If you are interested in ultra high vacuum processing, you have surely heard of diffusion pumps. What is it about? How do they work? What are their advantages and disadvantages?
In this short tutorial we will try to answer these questions.
Diffusion pumps are static devices, that is, without moving mechanical parts, used as primary pumping devices in systems in which the required degree of vacuum is in the range between 1e-4 and 1e-9 mbar. These are the first devices developed capable of generating a pumping action in the so-called molecular vacuum regime, ie the one in which the free path of each molecule present in a closed chamber is greater than the size of the chamber itself. Under these conditions, the molecules move at high speed, essentially hitting only the walls of the vacuum chamber and the internal components of the equipment. It is therefore not possible to rely on pumping systems based on viscous effects, which imply the fact that there are effective interactions between the gas molecules present, which are instead totally absent in this regime.
The operation of diffusion pumps is based on the transfer of momentum between an appropriately directed steam jet and the molecules of the gas to be pumped out of the work environment: for this reason they are also called "gas jet pumps” and categorized as “moment transfer” pumps. Their name derives from the fact that, during their initial development, it was noticed that the diffusion of a gas in the opposite direction to the motion of a jet of steam was impossible.
The steam used to obtain the pumping action derives from the heating / boiling process of high molecular weight substances, stable at high temperatures, such as hydrocarbons, silicone oils, polyphenyl esters and perfluoropolyethers (Fomblin). Historically, mercury has also been used, completely abandoned as a working fluid nowadays due to the health risks it poses. For this application, it is important to choose substances with very low vapor pressure at room temperature, so that, by condensing, they do not make a significant contribution to the total pressure.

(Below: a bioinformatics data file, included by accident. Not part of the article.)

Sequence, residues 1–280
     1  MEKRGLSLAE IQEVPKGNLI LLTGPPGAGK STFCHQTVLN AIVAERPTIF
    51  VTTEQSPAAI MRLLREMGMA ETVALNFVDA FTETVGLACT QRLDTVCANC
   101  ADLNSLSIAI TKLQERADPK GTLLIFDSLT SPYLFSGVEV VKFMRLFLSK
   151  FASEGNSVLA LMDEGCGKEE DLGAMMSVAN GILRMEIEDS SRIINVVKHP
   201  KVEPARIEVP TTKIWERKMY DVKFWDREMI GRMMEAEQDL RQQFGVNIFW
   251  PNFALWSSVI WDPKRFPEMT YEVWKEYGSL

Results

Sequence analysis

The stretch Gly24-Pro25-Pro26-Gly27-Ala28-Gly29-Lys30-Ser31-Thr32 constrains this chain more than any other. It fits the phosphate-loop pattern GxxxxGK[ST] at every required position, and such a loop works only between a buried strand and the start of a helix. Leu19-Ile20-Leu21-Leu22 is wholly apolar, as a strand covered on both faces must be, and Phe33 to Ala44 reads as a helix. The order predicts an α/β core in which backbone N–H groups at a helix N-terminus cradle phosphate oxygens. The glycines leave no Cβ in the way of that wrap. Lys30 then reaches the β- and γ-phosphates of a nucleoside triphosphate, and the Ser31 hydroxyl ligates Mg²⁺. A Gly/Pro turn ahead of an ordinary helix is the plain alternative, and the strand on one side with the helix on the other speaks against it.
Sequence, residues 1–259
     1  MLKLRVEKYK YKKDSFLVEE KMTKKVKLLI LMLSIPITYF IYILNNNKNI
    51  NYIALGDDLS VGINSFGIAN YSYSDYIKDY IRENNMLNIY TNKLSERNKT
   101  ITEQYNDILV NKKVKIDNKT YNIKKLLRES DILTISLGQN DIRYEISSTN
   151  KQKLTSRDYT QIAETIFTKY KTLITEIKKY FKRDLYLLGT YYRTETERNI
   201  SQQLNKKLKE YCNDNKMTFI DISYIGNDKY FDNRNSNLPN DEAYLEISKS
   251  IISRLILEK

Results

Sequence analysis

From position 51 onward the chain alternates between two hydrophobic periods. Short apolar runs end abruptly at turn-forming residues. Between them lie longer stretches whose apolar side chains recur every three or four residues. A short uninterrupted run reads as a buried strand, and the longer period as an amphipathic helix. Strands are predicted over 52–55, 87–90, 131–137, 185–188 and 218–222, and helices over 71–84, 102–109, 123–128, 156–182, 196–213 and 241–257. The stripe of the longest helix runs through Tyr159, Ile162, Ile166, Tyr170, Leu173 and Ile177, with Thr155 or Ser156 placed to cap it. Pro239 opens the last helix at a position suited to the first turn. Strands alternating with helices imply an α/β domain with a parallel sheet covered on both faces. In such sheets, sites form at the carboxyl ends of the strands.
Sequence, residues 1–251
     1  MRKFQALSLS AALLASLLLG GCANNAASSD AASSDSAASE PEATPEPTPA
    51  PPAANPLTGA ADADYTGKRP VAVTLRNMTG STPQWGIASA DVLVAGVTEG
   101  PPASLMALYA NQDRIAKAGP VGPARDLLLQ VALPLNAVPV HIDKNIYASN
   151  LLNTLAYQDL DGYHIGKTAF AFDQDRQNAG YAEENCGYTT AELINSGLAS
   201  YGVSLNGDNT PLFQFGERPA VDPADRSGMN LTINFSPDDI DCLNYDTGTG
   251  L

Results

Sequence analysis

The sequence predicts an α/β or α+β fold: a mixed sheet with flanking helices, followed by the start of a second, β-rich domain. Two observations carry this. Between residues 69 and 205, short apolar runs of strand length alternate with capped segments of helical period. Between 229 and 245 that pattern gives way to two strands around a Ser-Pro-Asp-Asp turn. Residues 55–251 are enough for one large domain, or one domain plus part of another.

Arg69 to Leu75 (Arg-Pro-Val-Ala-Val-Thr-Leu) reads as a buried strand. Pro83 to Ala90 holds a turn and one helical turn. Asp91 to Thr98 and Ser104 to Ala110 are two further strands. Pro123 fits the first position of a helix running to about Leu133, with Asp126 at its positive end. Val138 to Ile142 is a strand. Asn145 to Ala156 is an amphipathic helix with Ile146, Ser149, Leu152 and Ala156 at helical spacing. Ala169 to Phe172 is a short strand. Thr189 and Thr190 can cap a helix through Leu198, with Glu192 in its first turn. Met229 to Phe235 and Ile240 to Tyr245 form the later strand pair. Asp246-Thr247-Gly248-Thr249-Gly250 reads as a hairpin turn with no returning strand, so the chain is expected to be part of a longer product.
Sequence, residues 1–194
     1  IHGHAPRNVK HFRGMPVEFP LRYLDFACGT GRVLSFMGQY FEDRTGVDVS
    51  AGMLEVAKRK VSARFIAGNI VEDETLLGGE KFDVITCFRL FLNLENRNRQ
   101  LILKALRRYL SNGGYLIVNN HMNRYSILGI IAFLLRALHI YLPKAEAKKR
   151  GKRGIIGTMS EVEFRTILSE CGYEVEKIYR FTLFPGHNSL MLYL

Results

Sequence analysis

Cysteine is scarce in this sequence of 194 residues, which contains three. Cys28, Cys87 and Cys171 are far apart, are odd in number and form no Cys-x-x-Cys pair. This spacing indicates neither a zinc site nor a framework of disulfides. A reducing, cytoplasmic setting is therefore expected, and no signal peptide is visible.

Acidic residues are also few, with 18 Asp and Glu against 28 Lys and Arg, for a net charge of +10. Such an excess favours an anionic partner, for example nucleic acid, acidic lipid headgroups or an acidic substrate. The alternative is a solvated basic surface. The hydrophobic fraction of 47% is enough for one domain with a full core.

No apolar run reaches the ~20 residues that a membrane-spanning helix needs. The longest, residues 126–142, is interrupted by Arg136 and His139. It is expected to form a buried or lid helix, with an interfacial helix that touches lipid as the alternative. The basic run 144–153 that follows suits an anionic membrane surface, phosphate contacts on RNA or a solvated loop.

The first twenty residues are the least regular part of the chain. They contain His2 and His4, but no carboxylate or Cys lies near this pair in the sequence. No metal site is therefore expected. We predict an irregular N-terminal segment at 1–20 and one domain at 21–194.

In its basic configuration (Fig. 1), a diffusion pump has a boiler, generally heated by an electric resistance, a central steam duct and a series of nozzles, oriented towards the high pressure section of the pump. Under operating conditions, the working fluid is at its boiling temperature: the resulting vapor flows through the central duct and, exiting the nozzles at high speed, transfers momentum to the gas molecules present, "dragging" them towards the exhaust duct. A secondary pump is connected to the latter (e.g. of the type with rotating compartments in an oil bath), capable of maintaining a pressure of 1e-1 / 1e-2 mbar at the outlet section. The momentum transfer occurs by collision between the vapor molecules and the gas molecules present. The steam, therefore, comes into contact with the external walls of the pump, which are kept at a temperature close to the ambient temperature by means of a water or air cooling system. In this way, the steam condenses on contact with the cold walls and returns to the kettle under the effect of gravity.